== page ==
Over the last few months, Sochi, this year’s Winter Olympics host city, has fallen under intense scrutiny. Some have called for a boycott of the 2014 Olympics because of Russia’s anti-gay policies, including a piece of legislation signed into law in June 2013 banning “homosexual propaganda.”
Others have been enraged by Russia’s disregard for animal protection including Sochi’s decision to use a captive dolphin as a torch bearer and the still pending transport of two wild-caught orcas to a Sochi dolphinarium.
Now, looks like there is more sad news out of the Olympic host city. According to Peter Akman of CTV News, the city has gone back on its word and has resumed its plan to cull stray animals in an attempt to “clean up” the area for Olympic guests.
Originally, the plan was to kill around 2,000 dogs roaming Sochi’s streets, but as soon as this decision was announced last year, animal activists quickly spoke out against it, effectively canceling the cull.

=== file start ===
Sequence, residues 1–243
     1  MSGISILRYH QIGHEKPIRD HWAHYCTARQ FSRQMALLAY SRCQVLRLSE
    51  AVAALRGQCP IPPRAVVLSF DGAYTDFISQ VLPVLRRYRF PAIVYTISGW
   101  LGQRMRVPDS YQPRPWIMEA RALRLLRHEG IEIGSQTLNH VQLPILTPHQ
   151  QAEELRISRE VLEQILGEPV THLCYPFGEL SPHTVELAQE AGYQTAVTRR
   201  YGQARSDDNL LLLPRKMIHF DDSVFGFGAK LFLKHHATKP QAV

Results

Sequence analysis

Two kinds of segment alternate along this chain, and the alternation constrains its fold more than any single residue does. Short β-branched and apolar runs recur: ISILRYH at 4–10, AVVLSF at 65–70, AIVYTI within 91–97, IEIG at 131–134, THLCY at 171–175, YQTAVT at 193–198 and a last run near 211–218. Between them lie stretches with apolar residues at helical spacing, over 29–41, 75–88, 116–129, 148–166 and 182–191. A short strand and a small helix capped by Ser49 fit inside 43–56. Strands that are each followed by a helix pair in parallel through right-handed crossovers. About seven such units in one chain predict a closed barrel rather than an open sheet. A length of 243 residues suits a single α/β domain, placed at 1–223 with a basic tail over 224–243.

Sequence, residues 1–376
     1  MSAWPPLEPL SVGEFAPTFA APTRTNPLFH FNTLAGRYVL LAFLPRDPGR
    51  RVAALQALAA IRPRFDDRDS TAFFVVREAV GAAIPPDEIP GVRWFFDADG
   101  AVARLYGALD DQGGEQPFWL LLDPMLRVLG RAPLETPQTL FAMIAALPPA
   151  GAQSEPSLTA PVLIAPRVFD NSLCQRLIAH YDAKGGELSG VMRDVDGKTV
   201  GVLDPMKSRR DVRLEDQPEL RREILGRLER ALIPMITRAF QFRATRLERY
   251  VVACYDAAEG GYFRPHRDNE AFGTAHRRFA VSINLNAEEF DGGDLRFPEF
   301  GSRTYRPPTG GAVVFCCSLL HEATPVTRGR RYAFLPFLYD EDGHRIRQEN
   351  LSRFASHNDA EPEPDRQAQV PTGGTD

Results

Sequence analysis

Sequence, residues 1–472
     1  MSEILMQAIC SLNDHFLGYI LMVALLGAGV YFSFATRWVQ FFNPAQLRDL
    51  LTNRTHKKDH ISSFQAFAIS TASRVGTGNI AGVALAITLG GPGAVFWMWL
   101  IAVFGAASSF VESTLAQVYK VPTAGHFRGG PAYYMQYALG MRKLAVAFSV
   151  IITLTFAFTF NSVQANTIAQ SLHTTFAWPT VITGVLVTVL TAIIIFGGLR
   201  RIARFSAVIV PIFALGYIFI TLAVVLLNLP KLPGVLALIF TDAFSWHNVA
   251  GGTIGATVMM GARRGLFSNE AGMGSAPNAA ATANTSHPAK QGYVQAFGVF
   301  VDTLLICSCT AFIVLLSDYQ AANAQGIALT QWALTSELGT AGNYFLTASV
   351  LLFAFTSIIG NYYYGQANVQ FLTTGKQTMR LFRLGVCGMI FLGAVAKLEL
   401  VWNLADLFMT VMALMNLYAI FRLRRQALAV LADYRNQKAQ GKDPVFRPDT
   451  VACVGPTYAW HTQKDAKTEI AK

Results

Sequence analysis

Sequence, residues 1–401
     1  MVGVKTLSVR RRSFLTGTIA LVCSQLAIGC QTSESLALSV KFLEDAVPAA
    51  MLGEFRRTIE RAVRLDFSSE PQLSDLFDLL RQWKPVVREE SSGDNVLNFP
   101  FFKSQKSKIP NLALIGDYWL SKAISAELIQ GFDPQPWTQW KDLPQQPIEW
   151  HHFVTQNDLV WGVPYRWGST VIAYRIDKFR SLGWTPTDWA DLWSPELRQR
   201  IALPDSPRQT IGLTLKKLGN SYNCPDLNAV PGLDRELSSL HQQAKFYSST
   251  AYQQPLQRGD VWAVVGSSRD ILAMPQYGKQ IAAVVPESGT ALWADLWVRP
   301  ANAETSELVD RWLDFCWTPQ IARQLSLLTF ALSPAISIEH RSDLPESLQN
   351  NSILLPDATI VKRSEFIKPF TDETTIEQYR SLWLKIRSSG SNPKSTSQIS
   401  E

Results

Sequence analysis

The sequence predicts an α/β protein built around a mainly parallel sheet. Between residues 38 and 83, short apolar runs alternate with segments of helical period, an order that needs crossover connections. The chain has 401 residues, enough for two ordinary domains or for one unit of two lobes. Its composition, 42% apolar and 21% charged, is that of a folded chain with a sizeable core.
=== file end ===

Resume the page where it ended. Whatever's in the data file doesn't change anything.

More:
However, Akman reports that the city has in fact hired a company to continue “cleaning the city.”
“Every night between 1 and 6 a.m., traps are set, poison put out and animals are killed,” Akman states.
Concerned locals have been documenting the cull’s victims through photo and video footage and animal activist groups have again called on the city to end its futile population control method, urging Sochi to instead build a shelter for homeless animals.
According to Akman, “The government first said no, but it now seems to be considering allowing a private company to run a shelter. Not surprisingly, that’s the same company it hired to kill the dogs during the night.”
Unfortunately, we see poor animal protection decisions like these all too often, even right here in the U.S., but this does not mean we should accept defeat and stay silent. Instead, we must stay strong and be their voice.
What you can do
To offer your support for Sochi’s stray animals, sign this petition on Care2, asking Russia’s president, Vladimir Putin, to halt Sochi’s cull. You can also send an email to the City of Sochi urging them to to focus on more effective overpopulation management solutions such as low cost sterilization and trap-neuter-release programs.
Image source: Andrey / Flickr